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Clinical Case Study: A 4-Year-Old Boy With Posterior Fossa Syndrome After Resection of a Medulloblastoma

Mortimer, Diane Schretzman

Journal of Neuroscience Nursing: August 2011 - Volume 43 - Issue 4 - pp 225-229
doi: 10.1097/JNN.0b013e3182212af9
Article

ABSTRACT: Posterior fossa syndrome can occur after neurosurgical resections of childhood posterior fossa tumors, such as medulloblastomas. Posterior fossa syndrome is characterized by transient mutism, emotional lability, cognitive deficits, weakness, ataxia, and cranial nerve dysfunction. Symptoms generally appear 1 to 3 days after surgery and persist for months to years. Neuroscience nurses play an integral role in helping affected children and their families through the diagnosis, treatment, and sequelae of this frightening syndrome.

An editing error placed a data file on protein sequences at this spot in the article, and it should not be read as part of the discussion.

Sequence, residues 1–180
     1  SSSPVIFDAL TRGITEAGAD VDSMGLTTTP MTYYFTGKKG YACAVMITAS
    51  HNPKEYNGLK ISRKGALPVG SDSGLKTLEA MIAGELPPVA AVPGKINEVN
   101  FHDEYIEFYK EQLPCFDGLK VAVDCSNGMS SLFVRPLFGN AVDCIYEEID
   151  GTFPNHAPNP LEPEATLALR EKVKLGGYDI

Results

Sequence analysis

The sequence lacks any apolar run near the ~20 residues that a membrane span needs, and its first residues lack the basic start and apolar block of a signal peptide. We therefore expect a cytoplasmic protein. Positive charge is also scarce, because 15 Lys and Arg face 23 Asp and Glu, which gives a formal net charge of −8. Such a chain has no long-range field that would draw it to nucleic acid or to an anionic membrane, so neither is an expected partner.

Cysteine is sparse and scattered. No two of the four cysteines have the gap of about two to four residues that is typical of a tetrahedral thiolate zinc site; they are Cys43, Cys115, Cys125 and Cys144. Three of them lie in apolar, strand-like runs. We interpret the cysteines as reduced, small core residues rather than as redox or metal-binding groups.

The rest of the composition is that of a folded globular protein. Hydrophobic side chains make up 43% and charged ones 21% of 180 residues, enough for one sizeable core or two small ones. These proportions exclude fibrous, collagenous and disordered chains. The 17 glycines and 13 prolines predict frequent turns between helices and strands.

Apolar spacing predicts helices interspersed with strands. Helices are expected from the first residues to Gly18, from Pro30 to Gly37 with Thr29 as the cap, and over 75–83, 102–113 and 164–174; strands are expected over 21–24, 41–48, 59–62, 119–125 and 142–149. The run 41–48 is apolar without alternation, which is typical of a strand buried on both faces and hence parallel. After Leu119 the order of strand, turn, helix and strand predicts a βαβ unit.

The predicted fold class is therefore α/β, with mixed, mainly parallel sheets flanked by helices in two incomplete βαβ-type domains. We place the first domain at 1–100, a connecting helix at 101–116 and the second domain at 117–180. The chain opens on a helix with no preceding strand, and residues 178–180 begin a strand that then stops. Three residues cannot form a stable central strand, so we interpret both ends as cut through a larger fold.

Questions or comments about this article may be directed to Diane Schretzman Mortimer, MD MSN CNRN, at Diane.Mortimer@osumc.edu. She is a physical medicine and rehabilitation resident at the Ohio State University, Columbus, OH.

© 2011 American Association of Neuroscience Nurses